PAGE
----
This week, I’m breaking down some of the biggest youth internet trends in a way even greybeards can grasp, from esoteric financial instruments, to a vast fast-food conspiracy, to a look at some of TikTok’s most notable time travellers.
Why is everyone talking about Dogecoin?
The biggest financial meme this week on the internet is undoubtedly Dogecoin. Pronounced “dohj coin,” this cryptocurrency began in 2013, but unlike Bitcoin and other cryptos, Dogecoin was never meant to be a serious investment or currency. It was started as a joke, a parody of other coins. Even the name is based on mostly forgotten meme. But no one is laughing anymore.
Sudden internet interest and a tweet or two from Elon Musk and Mark Cuban has sent the price of Dogecoin into the ionosphere. It’s gone up by more than 11,000% so far this year, for a total market capitalisation of more than $US65 ($84) billion.
Free advice: It’s too late to catch this train. It’s a fad investment based on a meme and will probably fall quickly. Also, don’t lose your wallet.
True story: When Dogecoin launched in 2013, I thought it was funny, and spent an hour or two collecting the then-valueless currency. I think I ended up with about $US.35 before I got bored. My Dogecoin is now worth $US4,025 ($5,179), but it sits in a long-forgotten digital wallet somewhere behind a password I didn’t write down.
Why is everyone talking about NFTs?
The second most exciting investment meme on the Internet this week is NFTs, because it’s often actually investing in memes. An NFT, or “Non-Fungible Token,” is a unique cryptographic token that defines a digital asset (it can apply to real-world assets too, but for brevity’s sake, I’ll be sticking with the digital). NFTs are essentially a way of establishing the authenticity and ownership of a piece of digital content, whether it’s virtual real estate in an online world, unique skins or weapons in a video game, breedable digital cats, or pieces of digital art.
Users create, buy, and sell the ownership of digital assets on marketplaces like opensea.io, allowing some people to get rich and others to lose their shirts, all without the encumbrance of physical objects.
Before you dismiss them as a joke, keep in mind: The most expensive NFT — a collection of 5,000 digital art pieces by artist Beeple — recently sold at auction for more than $US60 ($77) million.
Why is everyone talking about Squishmallows?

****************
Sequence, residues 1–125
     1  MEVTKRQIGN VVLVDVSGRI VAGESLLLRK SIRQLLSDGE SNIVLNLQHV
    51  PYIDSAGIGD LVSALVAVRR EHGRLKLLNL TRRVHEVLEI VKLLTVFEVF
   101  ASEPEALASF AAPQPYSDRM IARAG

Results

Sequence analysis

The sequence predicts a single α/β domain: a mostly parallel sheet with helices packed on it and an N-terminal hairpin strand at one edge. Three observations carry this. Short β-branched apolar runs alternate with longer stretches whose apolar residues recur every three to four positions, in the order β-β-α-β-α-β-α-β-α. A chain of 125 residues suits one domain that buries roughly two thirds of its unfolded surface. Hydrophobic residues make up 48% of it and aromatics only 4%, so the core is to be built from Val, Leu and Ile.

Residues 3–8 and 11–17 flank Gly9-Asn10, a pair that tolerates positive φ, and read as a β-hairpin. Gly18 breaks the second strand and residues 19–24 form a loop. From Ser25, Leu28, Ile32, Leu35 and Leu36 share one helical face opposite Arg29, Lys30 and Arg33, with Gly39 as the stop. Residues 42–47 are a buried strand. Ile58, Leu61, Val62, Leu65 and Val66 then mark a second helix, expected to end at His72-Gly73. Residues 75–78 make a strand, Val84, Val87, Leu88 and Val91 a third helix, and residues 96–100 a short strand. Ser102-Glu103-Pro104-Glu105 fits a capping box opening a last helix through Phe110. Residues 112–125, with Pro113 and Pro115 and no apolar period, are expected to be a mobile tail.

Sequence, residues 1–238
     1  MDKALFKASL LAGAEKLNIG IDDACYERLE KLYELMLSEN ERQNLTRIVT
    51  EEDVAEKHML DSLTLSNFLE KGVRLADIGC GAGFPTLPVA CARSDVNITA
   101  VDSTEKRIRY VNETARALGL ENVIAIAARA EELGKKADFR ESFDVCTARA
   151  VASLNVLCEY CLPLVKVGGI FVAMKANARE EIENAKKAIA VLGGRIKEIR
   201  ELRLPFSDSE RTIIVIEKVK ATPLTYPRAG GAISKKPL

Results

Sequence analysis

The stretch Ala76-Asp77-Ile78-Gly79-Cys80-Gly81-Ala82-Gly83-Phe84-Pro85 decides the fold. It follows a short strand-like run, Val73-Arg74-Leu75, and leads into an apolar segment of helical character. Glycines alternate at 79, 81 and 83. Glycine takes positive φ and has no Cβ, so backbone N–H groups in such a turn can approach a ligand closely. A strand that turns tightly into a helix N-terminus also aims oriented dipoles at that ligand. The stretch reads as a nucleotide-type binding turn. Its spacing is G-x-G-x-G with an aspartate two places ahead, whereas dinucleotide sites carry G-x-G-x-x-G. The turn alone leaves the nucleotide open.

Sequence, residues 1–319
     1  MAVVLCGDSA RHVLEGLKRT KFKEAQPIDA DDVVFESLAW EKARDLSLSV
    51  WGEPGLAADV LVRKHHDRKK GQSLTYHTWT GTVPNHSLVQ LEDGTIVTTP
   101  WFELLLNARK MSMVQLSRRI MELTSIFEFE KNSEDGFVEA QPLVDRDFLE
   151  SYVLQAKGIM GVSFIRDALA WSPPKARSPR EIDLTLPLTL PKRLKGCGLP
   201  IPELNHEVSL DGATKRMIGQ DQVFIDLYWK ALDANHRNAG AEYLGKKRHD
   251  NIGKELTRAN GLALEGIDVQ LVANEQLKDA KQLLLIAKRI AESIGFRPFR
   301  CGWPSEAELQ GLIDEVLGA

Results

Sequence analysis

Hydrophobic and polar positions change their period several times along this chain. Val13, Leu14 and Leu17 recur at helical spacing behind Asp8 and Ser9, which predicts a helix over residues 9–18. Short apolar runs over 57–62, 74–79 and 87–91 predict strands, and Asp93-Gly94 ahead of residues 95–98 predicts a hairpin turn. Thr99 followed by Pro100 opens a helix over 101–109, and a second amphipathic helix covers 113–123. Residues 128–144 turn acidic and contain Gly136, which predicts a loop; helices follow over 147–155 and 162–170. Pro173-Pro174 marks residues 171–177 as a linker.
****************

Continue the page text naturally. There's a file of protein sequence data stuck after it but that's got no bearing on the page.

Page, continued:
Squishmallows are part pillow and part plushie, and kids cannot get enough of these adorable things. The things are flying off store shelves, and if the trend continues, they’ll be in the “can’t buy it at any price” category of past fad toys like Beanie Babies and Tickle-me-Elmo. They’re so popular already, there are already store shortages, online guides on where to buy ‘em, and a robust and growing secondhand market on eBay.
You should buy as many Squishmallows as you can now, or you’ll be giving only disappointment for Christmas. Or buy a bunch of them as an “investment” and sell them to desperate parents in mid December. Do you want to miss out like you missed out on Dogecoin?
Why is everyone talking about time travellers on TikTok?
For instance, Jimcarreyofficial says he’s a time traveller, but he seems to be joking, where @Authentictimetraveler is dead serious. He says he’s from 2582, and he’s totally OK with potentially destroying the space-continuum by revealing future events to his 200,000 or so TikTok followers. Most of his videos involve either the discovery of new animal species, warnings about imminent environmental calamities, or insistence that he’s a real time traveller. I give him one and a half stars out of five on my internet time traveller scale — the future should be way less preachy and insecure.
On the other side of the time-travel spectrum is Javier. He lives in 2027, and he is the last person alive. His videos are evocative, depressing shots of the empty world he’s trapped in, a world that looks just like ours, but that is devoid of people and animals. He soldiers on, searching, desperate to find someone, anyone else, on earth. Five out of five stars.
Viral video of the week: The real reason McDonald’s ice cream machines are always broken
In this week’s viral video, YouTuber Johnny Harris is blowing the lid off an international fast-food conspiracy. Specifically, why the ice cream machines at McDonald’s are always broken.
For the past few years, the internet has been fascinated with the instability of McIceCream machines. It’s spawned countless theories, memes, songs, and even a webpage that tracks the status of the ice cream machines at every McDonald’s store in the country. According to mainstream media investigations, the mundane, innocent explanation for the out-of-order treat machines is that they take a long time to auto-clean, but that answer doesn’t hold up to scrutiny — Wendy’s, for instance, has ice cream machines that need to be cleaned, and they’re usually working.
To get to the bottom of the mystery, Harris takes a deep dive into the minutia of ice cream machine maintenance, franchisee contracts, and the downside of corporate capitalism to arrive at a more complex, slightly nefarious explanation for the problem. I won’t spoil it, though. Check out the video yourself.
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